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  1. Classifiers for Event Detection & Future Work Kleisarchaki Sofia

  2. Contents • Presentation of papers: • [1] – [6] • Events VS Non-Events • Definitions • Preconditions • Examples

  3. [1]: “On-line New Event Detection and Tracking” • Feature extraction and query representation.(Inquery) • n most frequent single word features • Determine the query’s initial threshold by evaluating the new story with the query. , where withe relative weight of a query feature qi di = belief(qi, d, c) = 0.4+0.6*tf*idf • t: #of times feature qi occurs in the doc • df: #of docs containing feature qi • dl: document’s length • avg_dl: avg doc’s length in the collection • |c|: #of docs in the collection Documents/ Streams Classifier Ranker Presentation

  4. [1]: “On-line New Event Detection and Tracking” • Ifeval(q, d) > thresh then new event. Else, no new event. • p: constant percentage of the initial threshold • tp: time penalty • i-j: distance of the documents i and j (documents closer together on the stream are more likely to discuss related events) • Unable to detect events that are discussed in the news at different level of granularity. i.e. “O.J. Simpson trial” vs other court cases • Solution: different weight strategy for query features Documents/ Streams Classifier Ranker Presentation

  5. [1]: “On-line New Event Detection and Tracking” • Increasing the number of features results in improved performance, with an unacceptable increase in running time of the system. • Performance=100-distance from origin Documents/ Streams Classifier Ranker Presentation

  6. [1]: “On-line New Event Detection and Tracking” • Effects of varying threshold parameters p and tp. • On average, for any value of p, performance is better when tp>0. Documents/ Streams Classifier Ranker Presentation

  7. [2]: “A system for New Event Detection” • Incremental Model (df: not static) • Nt: total number of documents at time t. • dfCt : denotes the document frequencies in the newly added set of documents Ct. • New events introduce new vocabulary • Low frequency terms w tends to be uninformative. • dft>= θd (θd=2) Documents/ Streams Classifier Ranker Presentation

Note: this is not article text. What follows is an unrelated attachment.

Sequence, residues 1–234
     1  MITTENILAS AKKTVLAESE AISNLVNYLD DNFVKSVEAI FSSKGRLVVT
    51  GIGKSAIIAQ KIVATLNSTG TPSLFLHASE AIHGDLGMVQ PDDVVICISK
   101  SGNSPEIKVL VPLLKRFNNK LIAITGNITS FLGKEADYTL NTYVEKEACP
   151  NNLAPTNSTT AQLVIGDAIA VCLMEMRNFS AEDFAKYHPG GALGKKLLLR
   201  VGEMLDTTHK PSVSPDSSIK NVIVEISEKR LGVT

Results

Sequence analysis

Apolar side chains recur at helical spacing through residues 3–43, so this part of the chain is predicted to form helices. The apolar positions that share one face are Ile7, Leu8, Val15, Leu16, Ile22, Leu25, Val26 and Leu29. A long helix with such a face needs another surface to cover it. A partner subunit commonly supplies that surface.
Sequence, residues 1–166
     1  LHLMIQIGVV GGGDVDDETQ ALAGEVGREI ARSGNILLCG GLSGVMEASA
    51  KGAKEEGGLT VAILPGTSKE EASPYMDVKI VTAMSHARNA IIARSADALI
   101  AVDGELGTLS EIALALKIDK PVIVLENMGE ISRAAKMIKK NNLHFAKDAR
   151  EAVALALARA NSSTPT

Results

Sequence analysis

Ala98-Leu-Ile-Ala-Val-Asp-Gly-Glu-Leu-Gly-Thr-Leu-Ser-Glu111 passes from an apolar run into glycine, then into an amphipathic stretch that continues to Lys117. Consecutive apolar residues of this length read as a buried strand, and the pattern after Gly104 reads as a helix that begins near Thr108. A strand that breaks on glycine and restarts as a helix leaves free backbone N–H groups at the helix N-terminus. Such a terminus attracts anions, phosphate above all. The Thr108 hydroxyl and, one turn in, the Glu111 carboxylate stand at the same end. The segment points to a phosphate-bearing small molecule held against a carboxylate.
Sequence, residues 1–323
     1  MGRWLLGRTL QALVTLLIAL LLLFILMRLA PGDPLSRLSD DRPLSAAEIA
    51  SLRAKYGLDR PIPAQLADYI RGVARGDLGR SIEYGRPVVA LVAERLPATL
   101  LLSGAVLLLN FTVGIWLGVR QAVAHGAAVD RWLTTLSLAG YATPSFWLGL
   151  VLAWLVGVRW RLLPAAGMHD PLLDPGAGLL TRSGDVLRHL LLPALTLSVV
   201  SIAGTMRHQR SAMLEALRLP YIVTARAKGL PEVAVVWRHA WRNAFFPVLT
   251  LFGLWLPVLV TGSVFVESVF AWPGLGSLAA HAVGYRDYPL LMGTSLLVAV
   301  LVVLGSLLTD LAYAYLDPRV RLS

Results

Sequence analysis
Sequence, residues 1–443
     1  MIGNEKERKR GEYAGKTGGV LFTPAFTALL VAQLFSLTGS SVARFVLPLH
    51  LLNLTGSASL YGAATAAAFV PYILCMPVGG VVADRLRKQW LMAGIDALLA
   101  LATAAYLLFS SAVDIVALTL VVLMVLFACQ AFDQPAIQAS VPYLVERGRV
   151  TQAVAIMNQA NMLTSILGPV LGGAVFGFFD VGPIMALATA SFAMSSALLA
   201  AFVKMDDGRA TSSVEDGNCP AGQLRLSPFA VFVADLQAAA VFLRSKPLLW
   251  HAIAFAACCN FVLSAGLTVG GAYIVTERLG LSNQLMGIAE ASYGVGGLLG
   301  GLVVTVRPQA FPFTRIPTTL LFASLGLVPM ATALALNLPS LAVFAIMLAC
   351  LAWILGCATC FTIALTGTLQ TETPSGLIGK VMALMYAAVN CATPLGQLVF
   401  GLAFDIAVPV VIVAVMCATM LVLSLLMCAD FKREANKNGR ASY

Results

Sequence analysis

8. [2]: “A system for New Event Detection” • Similarity Calculation between documents d, q • Making a decision- Identify document d*: • Score(q) > θs new event Documents/ Streams Classifier Ranker Presentation

  9. [2]: “A system for New Event Detection” • Improvements • Source-Specific TF-IDF Model - dfs,t(w) • Document Similarity Normalization • Source-Pair Specific On-Topic Similarity Normalization • Using Inverse Event Frequencies of Terms – ef(w) Documents/ Streams Classifier Ranker Presentation

  10. [3]: “Text Classification and Named Entities for New Event Detection” • Basic Model • weight(w, d) = tf ∗ idf • tf = log(termfrequecy + 1.0) • idf = log((docCount + 1)/(documentfreq + 0.5)) • Basic Model can make mistakes  look into other parameters (category, overlap of named entities etc) Documents/ Streams Classifier Ranker Presentation

  11. [3]: “Text Classification and Named Entities for New Event Detection” • Some categories: • Elections • Scandals/Hearings • Legal/Criminal Cases • Natural Disasters • Accidents • Acts of Violence or War • Three vector representations α: all terms in the document β: named entities (Language, location, nationality, organization etc) γ: the non-named entity terms Documents/ Streams Classifier Ranker Presentation

  12. [3]: “Text Classification and Named Entities for New Event Detection” • Named entities are a double-edged sword and deciding when to use them can be tricky. • Considering named entities or not can not be decided for all categories. Documents/ Streams Classifier Named Entities do not matter Ranker Presentation

  13. [3]: “Text Classification and Named Entities for New Event Detection” Named Entities Win Documents/ Streams Classifier Can not decide Ranker Presentation

  14. [4]: “Streaming First Story Detection with application to Twitter” • Algorithm on locality-based sensitivity (constant time & space) • LSH-based approach • Constant number of documents inside the buckets. • Oldest document is removed • Constant number of comparisons • Compare each document with at most 3L documents it collided with. • We take the 3L most popular documents, according to the number of hash tables where the collision occurred. Documents/ Streams Classifier Ranker Presentation

  15. [4]: “Streaming First Story Detection with application to Twitter” Documents/ Streams Classifier Ranker Presentation

  16. [4]: “Streaming First Story Detection with application to Twitter” • Minimal normalized scores: • Umass: 0.69 (28 hours) • LSH: 0.71 (2 hours) Documents/ Streams Classifier Ranker Presentation

  17. [4]: “Streaming First Story Detection with application to Twitter” • Comparison of processing time per 100 documents for LSH system and the Umass system. Documents/ Streams Classifier Ranker Presentation